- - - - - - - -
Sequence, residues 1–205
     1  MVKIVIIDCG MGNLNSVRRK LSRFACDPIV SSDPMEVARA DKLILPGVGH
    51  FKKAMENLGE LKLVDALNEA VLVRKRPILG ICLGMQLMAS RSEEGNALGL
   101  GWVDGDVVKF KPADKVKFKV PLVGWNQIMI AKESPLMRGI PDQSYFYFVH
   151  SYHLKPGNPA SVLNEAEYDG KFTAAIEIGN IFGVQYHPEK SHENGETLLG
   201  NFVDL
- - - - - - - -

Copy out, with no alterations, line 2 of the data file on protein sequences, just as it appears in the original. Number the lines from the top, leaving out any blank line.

     1  MVKIVIIDCG MGNLNSVRRK LSRFACDPIV SSDPMEVARA DKLILPGVGH